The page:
Getting pulled over by the police can be a hassle, especially when it involves a misunderstanding that you can clear up later. Unfortunately, a number of vehicle offenses also the police to impound your vehicle, adding additional expense and inconvenience. California Vehicle Code Section 22651 VC provides for situations when police have the authority to impound a vehicle. If you have questions about your rights after a DUI or vehicle violation, contact your local East Bay criminal and DUI defense lawyer.
Vehicle Code 22651 VC Text
Under California Vehicle Code Section 22651, a law enforcement officer who is engaged in enforcing vehicle laws can remove a vehicle if the officer arrests the person driving or in control of a vehicle for an alleged offense. This may happen if the police suspect a driver of driving under the influence and arrest the driver.
If the police arrest a driver for a DUI, they can impound the vehicle even if the vehicle is parked legally. A vehicle may also be impounded if a driver is arrested for street racing or evading police.
A vehicle can also be impounded in the following circumstances:
- If a vehicle is left unattended upon a bridge, viaduct, or causeway or in a tube or tunnel where the vehicle constitutes an obstruction to traffic.
- If a vehicle is obstructing the normal movement of traffic or in a condition so as to create a hazard to other traffic upon the highway.
- If a vehicle is reported stolen.
- If a vehicle is illegally parked so as to block the entrance to a private driveway.
- If a vehicle is illegally parked so as to prevent access by firefighting equipment to a fire hydrant.
- If a vehicle is stopped, parked, or left standing for more than four hours upon the right-of-way of a freeway that has full control of access and no crossings at grade and the driver, if present, cannot move the vehicle under its own power.
- If the driver is injured to an extent so as to be unable to provide for its custody or removal.
Impounded for 5 or More Tickets
It is not difficult for a vehicle to receive 5 or more tickets in the East Bay. A driver may think their vehicle is legally parked before going out of town for a week. Parking just over the edge of a driveway, too close to a fire hydrant, or in an area where vehicles cannot be parked for more than a day can result in multiple tickets in a short period of time. In some cases, a serious accident could put the driver in the hospital for a week or more and they are unable to move their car. After too many tickets, a vehicle can be impounded.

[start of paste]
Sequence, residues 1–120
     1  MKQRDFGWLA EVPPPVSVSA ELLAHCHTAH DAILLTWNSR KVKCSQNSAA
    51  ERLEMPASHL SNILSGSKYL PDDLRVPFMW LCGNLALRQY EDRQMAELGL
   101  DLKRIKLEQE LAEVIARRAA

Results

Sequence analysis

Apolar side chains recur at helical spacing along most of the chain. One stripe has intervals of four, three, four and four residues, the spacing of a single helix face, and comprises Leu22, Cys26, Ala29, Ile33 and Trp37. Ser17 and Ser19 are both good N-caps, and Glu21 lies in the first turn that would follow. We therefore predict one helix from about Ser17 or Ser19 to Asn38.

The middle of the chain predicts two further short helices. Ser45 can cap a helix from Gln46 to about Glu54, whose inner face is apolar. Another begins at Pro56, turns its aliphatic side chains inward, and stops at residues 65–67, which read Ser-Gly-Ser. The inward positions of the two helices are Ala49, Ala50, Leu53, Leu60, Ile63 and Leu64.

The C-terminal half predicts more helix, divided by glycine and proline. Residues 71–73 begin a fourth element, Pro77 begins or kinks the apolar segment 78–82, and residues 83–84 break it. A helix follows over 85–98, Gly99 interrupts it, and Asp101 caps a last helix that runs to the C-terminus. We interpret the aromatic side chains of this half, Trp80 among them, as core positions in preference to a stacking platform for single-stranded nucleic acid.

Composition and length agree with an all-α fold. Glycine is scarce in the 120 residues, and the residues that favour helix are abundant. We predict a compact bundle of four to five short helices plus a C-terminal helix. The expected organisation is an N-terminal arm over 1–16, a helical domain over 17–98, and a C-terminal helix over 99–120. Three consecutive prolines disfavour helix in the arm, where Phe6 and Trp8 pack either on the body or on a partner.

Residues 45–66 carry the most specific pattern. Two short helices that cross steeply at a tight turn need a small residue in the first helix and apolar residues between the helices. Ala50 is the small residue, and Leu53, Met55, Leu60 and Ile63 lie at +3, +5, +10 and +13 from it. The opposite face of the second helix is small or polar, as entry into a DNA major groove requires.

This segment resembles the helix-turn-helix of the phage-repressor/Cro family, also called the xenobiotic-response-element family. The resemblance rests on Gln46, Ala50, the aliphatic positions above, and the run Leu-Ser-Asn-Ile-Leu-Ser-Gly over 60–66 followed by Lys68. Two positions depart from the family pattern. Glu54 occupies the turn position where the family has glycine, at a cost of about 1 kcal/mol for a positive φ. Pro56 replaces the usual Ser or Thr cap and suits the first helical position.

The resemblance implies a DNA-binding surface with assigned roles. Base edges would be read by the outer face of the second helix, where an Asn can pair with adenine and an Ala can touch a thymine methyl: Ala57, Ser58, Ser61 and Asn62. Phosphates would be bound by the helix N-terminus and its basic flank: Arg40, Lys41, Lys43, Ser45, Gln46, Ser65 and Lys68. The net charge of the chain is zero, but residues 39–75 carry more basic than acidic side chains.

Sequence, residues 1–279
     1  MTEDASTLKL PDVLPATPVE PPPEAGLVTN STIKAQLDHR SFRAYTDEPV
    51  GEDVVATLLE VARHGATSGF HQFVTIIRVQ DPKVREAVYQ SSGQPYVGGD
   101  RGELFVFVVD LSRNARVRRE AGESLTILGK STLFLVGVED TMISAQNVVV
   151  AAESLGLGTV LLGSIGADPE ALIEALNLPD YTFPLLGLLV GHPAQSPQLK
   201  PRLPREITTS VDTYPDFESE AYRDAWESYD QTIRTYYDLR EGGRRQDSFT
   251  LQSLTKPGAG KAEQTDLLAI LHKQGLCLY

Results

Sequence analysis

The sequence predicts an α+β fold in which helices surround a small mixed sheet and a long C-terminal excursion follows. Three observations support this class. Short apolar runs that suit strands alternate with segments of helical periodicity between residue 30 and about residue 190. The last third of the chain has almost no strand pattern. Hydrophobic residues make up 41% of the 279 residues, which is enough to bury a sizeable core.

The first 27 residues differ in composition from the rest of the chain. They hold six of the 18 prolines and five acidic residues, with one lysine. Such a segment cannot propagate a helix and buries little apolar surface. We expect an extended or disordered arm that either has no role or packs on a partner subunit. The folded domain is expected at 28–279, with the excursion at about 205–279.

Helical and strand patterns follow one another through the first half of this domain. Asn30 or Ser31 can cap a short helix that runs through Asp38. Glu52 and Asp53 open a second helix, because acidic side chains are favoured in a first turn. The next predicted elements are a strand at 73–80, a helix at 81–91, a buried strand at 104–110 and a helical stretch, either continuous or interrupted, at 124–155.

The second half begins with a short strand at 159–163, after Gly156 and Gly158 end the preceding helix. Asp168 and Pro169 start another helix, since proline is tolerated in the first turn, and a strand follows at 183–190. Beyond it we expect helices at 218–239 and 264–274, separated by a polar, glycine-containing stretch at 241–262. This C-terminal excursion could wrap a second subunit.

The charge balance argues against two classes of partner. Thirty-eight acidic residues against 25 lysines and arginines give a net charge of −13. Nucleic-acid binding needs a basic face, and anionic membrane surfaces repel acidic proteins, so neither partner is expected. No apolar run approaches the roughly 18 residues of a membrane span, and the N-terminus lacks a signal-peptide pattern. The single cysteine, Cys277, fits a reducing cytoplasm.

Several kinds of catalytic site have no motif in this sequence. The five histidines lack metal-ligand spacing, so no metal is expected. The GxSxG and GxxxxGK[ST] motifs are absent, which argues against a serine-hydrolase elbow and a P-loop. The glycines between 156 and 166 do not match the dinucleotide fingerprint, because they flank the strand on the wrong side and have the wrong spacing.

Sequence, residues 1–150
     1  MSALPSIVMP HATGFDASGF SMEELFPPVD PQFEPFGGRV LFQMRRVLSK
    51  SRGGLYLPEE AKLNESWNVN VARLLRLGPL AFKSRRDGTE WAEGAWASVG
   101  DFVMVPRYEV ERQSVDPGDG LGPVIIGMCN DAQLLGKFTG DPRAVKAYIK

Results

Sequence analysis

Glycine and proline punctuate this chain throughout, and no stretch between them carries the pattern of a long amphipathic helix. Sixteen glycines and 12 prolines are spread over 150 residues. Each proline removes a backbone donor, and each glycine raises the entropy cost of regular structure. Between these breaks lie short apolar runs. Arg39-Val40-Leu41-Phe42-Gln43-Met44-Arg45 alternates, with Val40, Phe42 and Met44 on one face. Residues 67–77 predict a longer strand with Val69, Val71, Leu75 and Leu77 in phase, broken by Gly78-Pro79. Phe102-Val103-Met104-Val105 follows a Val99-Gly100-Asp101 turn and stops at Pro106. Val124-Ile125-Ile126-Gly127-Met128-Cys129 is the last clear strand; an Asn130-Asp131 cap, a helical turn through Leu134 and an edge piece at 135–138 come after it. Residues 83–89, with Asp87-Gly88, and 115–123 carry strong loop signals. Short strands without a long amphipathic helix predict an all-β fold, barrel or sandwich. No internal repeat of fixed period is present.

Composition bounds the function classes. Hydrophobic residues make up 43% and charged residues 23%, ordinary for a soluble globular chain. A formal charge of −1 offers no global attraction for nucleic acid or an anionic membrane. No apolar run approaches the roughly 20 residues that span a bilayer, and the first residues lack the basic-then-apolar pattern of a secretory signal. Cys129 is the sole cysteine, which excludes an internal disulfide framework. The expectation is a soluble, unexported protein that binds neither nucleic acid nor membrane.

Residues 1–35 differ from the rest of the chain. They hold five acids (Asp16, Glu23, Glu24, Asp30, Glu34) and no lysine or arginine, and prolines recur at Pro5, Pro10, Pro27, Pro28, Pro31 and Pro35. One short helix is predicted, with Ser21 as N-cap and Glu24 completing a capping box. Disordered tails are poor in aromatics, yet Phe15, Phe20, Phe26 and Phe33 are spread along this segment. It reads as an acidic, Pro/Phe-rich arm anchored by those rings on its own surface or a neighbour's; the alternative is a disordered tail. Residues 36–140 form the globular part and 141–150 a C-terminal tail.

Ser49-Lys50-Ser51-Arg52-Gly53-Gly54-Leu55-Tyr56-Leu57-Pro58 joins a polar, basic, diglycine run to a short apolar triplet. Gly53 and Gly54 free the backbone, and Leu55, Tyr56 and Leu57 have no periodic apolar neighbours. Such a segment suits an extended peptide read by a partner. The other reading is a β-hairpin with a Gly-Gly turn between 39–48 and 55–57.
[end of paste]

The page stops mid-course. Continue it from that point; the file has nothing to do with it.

If a vehicle has been issued 5 or more notices of parking violations and the owner has not responded within 14 or 21 days, the vehicle can be impounded until the owner furnishes the following:
- Evidence of his or her identity.
- An address within this state where he or she can be located.
- Satisfactory evidence that all parking penalties due for the vehicle, all other vehicles, and all traffic violations of the registered owner, have been cleared.
Impounded Vehicle at a DUI Checkpoint
Sobriety checkpoints do not just check to see if drivers have a valid license. If the driver is suspected of being under the influence of alcohol or drugs, the police may arrest the driver for a DUI even if the driver was stopped randomly. After the arrest, law enforcement will likely have the vehicle impounded.
How Do I Get My Car Back After a DUI?
If you are arrested for a DUI or your vehicle was towed away for having too many tickets, you may need to contact the police department to find out where your vehicle was taken. Many cities contract with a private towing company with their own fees for towing and vehicle storage. Contact the impound lot to find out what you need to do to get the vehicle back. This generally includes paying the fees and providing:
- Valid driver's license
- Proof of registration
- Proof of insurance
If your vehicle was towed because of parking tickets, you may need to pay all of your parking tickets before you can get your vehicle back. Each city may have its own policy on towing and storage rages.
Defense Lawyer for DUI Charges in Alameda and Contra Costa Counties
East Bay attorney Lynn Gorelick has more than 36 years of criminal defense experience and understands how difficult it can be to lose your car after a mistaken arrest. Representing drivers in Alameda County and Contra Costa County, Lynn Gorelick is familiar with the local DUI and vehicle laws, local officers, and the prosecutors involved. Contact East Bay defense lawyer Lynn Gorelick today.